THE FIRM doesn’t have much problems to begin with to be seen as a sequel to the Tom Cruise thriller, but about 80 percent of the two-hour pilot (finally, another two-hour pilot again!) was wasted with a procedural case, which had nothing to do with the main arc of the show. Instead, Mitch McDeere, this time portrayed by charming Josh Lucas, only gets teased from the danger of his past.
The Firm is set a decade after the 1991 book and the 1993 movie, and rather continues the movie than the book.
In the opening scene, Mitch McDeere is being chased through Washington, D.C., by a pair of suits, but stops to call his wife, Abby, to tell her they have to pack up and leave. From there, the story flashes back to the recent past, when the McDeere family emerged from a decade in the witness protection program because Mitch had ratted to the FBI about a legal firm that did business for organized crime.
Mitch is content, at first, to work out of a tiny office that used to be a travel agency, with his brother, Ray, a private detective, and Tammy, his seen-it-all secretary with a longtime romantic attachment to Ray.
McDeere is a good lawyer and a good man. Willing to take pro bono cases even though he desperately needs paying clients to keep his fledgling office open, he gets saddled with the case of a high school kid accused of murdering a classmate.
Mitch McDeere is determined to do all he can to defend the kid, regardless of the client’s innocence or guilt, and regardless of whether the kid is being truthful. Ultimately, Mitch’s commitment to the letter of the law is tested when a hit is put out on the kid, who has been released to his father’s custody until the trial. How Mitch manages to resolve the issue tells us a lot about his character and about where The Firm is going.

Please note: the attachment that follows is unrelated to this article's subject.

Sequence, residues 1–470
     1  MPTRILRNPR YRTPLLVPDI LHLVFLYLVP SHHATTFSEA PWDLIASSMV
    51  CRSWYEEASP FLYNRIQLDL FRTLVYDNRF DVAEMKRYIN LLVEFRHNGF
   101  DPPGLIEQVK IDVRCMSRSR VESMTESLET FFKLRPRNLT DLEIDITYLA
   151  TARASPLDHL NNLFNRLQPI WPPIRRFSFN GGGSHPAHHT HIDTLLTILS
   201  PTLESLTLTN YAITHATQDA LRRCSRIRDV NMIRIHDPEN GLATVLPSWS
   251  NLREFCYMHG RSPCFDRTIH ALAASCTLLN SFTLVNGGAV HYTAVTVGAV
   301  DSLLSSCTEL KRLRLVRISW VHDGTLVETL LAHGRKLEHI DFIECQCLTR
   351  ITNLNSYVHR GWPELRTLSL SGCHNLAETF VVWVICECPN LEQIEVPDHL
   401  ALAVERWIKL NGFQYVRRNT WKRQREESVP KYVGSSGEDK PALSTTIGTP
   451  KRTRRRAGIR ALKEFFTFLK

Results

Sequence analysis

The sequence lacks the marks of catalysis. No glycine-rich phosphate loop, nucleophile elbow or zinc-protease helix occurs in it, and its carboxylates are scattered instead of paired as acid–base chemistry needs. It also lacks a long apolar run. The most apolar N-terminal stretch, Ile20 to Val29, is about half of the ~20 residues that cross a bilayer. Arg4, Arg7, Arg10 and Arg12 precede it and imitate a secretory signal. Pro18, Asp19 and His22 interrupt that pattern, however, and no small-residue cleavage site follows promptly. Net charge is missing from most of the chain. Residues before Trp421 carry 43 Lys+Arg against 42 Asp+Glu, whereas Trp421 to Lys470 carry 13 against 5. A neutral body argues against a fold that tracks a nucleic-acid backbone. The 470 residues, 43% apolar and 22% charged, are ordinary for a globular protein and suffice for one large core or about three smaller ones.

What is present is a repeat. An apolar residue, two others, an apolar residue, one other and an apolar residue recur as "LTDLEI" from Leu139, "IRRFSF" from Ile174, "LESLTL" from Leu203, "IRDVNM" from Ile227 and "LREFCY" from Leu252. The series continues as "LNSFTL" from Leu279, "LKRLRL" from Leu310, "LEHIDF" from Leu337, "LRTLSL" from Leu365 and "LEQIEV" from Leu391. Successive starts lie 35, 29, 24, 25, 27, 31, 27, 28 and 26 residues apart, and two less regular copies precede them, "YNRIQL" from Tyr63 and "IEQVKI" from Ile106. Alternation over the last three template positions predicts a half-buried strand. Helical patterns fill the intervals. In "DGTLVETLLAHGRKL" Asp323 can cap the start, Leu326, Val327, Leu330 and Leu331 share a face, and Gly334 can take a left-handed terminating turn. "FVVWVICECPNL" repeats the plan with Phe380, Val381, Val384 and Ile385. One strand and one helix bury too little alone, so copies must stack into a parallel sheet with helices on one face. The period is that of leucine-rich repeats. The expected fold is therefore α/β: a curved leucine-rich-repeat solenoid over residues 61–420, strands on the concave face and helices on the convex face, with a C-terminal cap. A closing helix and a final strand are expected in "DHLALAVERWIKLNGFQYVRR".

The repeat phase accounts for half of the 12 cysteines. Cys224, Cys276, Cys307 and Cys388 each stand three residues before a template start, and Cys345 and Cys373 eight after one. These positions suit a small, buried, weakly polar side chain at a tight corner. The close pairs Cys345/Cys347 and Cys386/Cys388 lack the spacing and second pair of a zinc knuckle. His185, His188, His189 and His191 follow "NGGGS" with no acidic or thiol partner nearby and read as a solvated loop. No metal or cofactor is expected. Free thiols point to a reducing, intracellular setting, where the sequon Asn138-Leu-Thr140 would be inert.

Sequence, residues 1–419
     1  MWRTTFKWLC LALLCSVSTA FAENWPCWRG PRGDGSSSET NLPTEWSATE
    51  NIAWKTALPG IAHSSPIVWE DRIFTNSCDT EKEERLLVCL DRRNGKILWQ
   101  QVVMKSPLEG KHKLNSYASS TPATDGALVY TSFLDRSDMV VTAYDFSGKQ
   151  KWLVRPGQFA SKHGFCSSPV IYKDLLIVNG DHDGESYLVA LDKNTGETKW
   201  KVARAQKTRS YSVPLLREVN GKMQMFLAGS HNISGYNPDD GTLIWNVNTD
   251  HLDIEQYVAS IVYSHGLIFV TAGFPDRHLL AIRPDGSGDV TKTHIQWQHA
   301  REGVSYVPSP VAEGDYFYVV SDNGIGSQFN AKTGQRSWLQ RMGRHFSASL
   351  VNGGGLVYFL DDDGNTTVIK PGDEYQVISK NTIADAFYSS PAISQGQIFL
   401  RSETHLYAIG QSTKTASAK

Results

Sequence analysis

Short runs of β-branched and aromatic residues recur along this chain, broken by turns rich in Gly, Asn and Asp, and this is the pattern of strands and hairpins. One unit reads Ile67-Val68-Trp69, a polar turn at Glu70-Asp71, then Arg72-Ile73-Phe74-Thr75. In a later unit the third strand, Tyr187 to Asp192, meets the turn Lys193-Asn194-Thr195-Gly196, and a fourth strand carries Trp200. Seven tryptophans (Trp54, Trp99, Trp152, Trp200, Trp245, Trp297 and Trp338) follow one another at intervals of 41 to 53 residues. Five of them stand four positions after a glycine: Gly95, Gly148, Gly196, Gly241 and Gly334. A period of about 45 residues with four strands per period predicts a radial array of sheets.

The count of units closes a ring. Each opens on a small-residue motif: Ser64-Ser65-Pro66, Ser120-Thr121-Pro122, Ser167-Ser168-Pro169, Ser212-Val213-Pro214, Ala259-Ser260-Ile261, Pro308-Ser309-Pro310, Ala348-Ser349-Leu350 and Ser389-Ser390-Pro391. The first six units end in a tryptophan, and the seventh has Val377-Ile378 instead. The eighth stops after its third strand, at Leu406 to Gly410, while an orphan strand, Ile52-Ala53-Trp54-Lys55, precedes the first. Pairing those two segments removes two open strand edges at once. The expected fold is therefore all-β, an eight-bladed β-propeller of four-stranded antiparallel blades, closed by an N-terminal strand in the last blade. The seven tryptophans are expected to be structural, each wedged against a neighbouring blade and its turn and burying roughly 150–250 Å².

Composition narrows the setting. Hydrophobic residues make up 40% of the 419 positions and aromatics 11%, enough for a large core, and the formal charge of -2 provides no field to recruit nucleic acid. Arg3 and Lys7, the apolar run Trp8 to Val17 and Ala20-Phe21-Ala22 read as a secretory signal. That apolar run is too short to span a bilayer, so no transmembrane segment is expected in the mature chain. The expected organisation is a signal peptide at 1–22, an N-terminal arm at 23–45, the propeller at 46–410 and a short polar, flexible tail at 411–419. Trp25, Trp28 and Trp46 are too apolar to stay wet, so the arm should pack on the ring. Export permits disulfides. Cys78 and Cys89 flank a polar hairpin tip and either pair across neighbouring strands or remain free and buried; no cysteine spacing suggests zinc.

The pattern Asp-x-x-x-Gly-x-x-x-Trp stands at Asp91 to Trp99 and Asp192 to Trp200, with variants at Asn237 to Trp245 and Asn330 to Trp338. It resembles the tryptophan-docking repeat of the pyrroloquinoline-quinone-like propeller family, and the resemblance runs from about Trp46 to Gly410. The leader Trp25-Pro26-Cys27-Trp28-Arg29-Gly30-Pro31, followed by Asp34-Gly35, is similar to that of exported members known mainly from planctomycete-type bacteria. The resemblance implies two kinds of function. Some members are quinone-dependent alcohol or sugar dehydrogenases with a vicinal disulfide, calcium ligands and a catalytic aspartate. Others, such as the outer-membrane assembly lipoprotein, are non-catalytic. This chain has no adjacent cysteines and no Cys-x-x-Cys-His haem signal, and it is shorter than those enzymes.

I loved the cinematic aspects of the premiere, from the sweeping shots of DC to its ability to feel like a complete film and story, even as it was preparing plenty of larger stories for the whole season. And while the time-jumping could be a bit confusing, it was a great way to bookend the two hours and prepares viewers for the intensity to come.
If the audience is able to forget the movie (or haven’t see it at all), then they get a nice little TV drama out of The Firm, where the cast can succeed not to suck, Josh Lucas gives a great Mitch McDeere. Lucas is sure to make you believe that this role is his now, which has a great positive effect on believing his character’s actions and decision-making. That’s also a positive, because the TV show continues where the movie ended with Mitch as a character: Instead of being a selfish bastard in the middle of a dangerous situation (like in the book), Mitch continues to be the “all white vest” man, as “holy” and “path breaking” for his job and his colleagues.
The future of the show lies in the hands of the writers, and if they want The Firm as a stand-alone drama in the genre with a conspiracy a la 24 as a great story arc, or a real and honest sequel of the movie. Former would be great for the genre. Latter would only work, when the show manages to keep the universal and thrilling episodic stories going, from the beginning and not in the middle of the season because it’s closer to the season finale. Also, there’s enough leeway for the show to be compelling, to prepare the story, to have a bigger outcome at the end. Hopefully the writers don’t fall into a delirium to write a cliffhanger finale.
Addict Verdict: The Firm is tedious, but not terrible. Whether it is watchable depends on, one, how much you like legal dramas (Something I really like), and, two, how the ongoing McDeeres-in-jeopardy plot is handled!
Fix-Your-Eyes-On-Me Scene: It has to be the opening, the running down is stairs, running through water, making an already nervous man want to kill himself, all is pretty gripping!